It is not about numbers, but every 20 kilometres that you travel in Arunachal Pradesh, you will find a new group of people adopting their own way in this natural habitat of 84,000 sq kms with a population density less than 20 people per sq km. It was not possible for the Industrial Imperialistic governance under the British Empire to understand these people who followed the culture of BIODIVINITY. Even while explaining the several schools of thought, following the different Teachers or Gurus, Dhamma, the way of life, taught by the teachers in the society were brought under the broad term ‘religion’. In the same way indigenous people who could not be understood were brought under ‘tribe’. The others were called ‘natives’.
It has now been 70 years since the World War II. This area of India’s Northeast, described as an important part of the CBI (China-India-Burma) Theatre was the last happening and noted history of the region. Before this, it is all through stories, culture and habitat, that we can trace some of the untold histories. I have always felt that one of the best ways to explore Arunachal Pradesh is through a journey, where we can avoid the so called known and structured visitor infrastructure of Circuit House/Inspection Bungalow and Hotels/Lodges. The best way because tourism till date did not get an opportunity to flourish and hence the conventional tourism infrastructure has not developed, thereby leaving an opportunity to develop tourism in Arunachal Pradesh in an alternative way with homestays, local family or community run infrastructure of camps/log huts/long houses.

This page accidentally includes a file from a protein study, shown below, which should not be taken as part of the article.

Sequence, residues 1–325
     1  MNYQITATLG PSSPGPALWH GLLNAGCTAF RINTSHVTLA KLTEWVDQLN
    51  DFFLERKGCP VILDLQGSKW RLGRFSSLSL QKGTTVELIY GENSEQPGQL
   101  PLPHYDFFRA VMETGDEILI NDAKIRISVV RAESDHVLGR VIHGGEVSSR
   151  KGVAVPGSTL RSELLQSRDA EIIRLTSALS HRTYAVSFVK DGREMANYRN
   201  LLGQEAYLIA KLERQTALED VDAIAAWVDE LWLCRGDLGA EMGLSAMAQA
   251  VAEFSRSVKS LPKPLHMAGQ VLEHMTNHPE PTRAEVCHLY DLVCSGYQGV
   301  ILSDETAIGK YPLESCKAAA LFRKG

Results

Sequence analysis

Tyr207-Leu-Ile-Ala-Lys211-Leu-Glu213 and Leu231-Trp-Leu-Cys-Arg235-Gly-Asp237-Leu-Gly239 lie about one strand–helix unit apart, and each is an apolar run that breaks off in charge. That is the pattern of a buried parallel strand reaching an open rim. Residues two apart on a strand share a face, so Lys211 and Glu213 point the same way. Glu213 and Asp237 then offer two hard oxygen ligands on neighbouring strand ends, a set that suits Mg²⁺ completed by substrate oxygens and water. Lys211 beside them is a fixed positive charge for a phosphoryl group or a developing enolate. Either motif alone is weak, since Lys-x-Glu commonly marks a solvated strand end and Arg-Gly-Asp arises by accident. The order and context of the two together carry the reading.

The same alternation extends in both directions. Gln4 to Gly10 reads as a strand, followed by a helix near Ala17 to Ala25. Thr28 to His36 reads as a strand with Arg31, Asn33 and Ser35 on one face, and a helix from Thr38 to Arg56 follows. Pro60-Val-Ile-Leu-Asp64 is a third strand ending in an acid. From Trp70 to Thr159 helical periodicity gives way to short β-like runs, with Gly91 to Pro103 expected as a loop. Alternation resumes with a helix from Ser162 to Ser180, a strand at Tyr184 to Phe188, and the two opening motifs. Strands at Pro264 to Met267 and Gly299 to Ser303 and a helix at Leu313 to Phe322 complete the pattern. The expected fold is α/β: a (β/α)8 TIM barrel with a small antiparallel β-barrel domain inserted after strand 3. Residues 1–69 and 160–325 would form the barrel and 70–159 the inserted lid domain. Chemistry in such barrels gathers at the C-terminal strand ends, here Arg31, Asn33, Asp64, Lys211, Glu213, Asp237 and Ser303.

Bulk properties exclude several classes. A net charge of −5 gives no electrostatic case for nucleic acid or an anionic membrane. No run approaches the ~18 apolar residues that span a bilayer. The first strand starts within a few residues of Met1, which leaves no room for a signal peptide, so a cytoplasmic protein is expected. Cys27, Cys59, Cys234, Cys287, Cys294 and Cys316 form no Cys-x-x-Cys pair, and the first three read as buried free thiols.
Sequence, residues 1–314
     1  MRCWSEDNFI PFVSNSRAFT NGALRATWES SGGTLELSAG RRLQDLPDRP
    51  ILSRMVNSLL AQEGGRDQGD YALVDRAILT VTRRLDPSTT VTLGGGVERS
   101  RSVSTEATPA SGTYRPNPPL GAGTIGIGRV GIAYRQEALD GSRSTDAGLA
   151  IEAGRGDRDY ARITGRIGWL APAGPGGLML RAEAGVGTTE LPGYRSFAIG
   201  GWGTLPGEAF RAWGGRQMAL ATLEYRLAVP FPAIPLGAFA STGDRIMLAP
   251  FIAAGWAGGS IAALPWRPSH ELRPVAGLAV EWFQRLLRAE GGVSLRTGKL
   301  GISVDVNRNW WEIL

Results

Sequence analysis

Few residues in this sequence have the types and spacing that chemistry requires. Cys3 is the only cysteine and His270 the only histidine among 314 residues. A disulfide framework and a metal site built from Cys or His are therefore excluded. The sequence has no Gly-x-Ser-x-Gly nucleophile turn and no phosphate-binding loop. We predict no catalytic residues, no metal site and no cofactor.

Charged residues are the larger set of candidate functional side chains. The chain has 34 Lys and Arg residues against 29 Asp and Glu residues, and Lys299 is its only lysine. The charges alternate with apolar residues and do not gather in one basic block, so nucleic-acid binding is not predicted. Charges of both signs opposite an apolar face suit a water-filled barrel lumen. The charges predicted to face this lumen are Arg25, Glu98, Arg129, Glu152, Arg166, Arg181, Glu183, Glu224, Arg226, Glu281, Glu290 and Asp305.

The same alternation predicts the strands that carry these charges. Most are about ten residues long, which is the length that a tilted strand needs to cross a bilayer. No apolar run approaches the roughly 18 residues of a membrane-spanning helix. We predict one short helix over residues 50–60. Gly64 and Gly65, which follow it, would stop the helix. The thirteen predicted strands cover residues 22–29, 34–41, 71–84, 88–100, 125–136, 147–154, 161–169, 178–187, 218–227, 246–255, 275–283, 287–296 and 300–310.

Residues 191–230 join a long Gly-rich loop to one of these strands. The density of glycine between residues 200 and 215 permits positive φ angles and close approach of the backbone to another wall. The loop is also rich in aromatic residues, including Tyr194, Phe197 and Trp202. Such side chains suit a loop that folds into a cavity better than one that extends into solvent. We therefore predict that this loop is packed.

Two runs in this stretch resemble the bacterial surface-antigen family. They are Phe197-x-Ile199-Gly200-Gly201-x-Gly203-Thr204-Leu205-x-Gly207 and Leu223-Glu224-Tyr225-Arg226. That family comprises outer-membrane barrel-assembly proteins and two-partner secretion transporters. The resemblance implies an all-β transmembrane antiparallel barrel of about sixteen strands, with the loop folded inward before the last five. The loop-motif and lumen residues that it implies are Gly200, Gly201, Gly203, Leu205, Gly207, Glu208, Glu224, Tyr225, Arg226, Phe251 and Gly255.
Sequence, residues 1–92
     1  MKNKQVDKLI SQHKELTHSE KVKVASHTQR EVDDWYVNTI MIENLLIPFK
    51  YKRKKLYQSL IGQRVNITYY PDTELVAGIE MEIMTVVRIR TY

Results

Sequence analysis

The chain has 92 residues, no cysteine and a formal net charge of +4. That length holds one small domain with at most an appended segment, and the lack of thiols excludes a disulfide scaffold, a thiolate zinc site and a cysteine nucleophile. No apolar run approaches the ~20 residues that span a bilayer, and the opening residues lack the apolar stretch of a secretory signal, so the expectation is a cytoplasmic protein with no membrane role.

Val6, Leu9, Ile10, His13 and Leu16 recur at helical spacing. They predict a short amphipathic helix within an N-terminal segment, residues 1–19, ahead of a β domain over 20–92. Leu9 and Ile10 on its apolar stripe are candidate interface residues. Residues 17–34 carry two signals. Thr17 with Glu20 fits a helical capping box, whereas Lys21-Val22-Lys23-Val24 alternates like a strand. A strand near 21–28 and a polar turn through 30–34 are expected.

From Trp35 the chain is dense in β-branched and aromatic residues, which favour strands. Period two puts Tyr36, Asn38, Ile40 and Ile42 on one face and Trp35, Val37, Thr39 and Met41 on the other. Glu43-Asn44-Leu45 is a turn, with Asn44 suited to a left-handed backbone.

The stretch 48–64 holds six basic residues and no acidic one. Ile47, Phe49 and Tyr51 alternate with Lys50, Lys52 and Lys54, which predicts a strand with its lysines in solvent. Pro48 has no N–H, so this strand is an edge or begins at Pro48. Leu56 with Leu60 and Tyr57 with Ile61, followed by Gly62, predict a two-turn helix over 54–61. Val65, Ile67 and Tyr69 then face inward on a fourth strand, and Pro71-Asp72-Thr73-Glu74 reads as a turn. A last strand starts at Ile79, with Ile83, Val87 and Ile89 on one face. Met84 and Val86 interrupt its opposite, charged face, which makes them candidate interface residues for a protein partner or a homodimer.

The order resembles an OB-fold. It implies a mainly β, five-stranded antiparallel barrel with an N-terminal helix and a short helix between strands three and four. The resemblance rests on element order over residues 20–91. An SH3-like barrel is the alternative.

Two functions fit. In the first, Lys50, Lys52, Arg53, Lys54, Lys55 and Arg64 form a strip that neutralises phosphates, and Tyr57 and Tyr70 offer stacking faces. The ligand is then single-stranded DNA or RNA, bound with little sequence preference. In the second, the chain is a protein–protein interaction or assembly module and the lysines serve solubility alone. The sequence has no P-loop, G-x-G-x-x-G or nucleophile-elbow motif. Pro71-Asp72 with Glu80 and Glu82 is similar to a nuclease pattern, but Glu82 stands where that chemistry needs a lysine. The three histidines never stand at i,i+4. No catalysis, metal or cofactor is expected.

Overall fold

There are 03 main tourism circuits in Arunachal Pradesh, East, West and Central, all approachable through several entry points in Assam, with 02 main hubs in Upper Assam, Tezpur in North Bank and Dibrugarh in South Bank. The most interesting part are the ferries through the Ghats in Assam, which with the fast development of bridges may be an experience only for the next 05 to 10 years, the last ferry experiences in the Himalaya. Till date, because of the lack of bridges lot of Arunachal is cut off for the 03 monsoon months and this probably helps in conservation of several traditional practices. Most of the traditional festivals also take place in the monsoon months.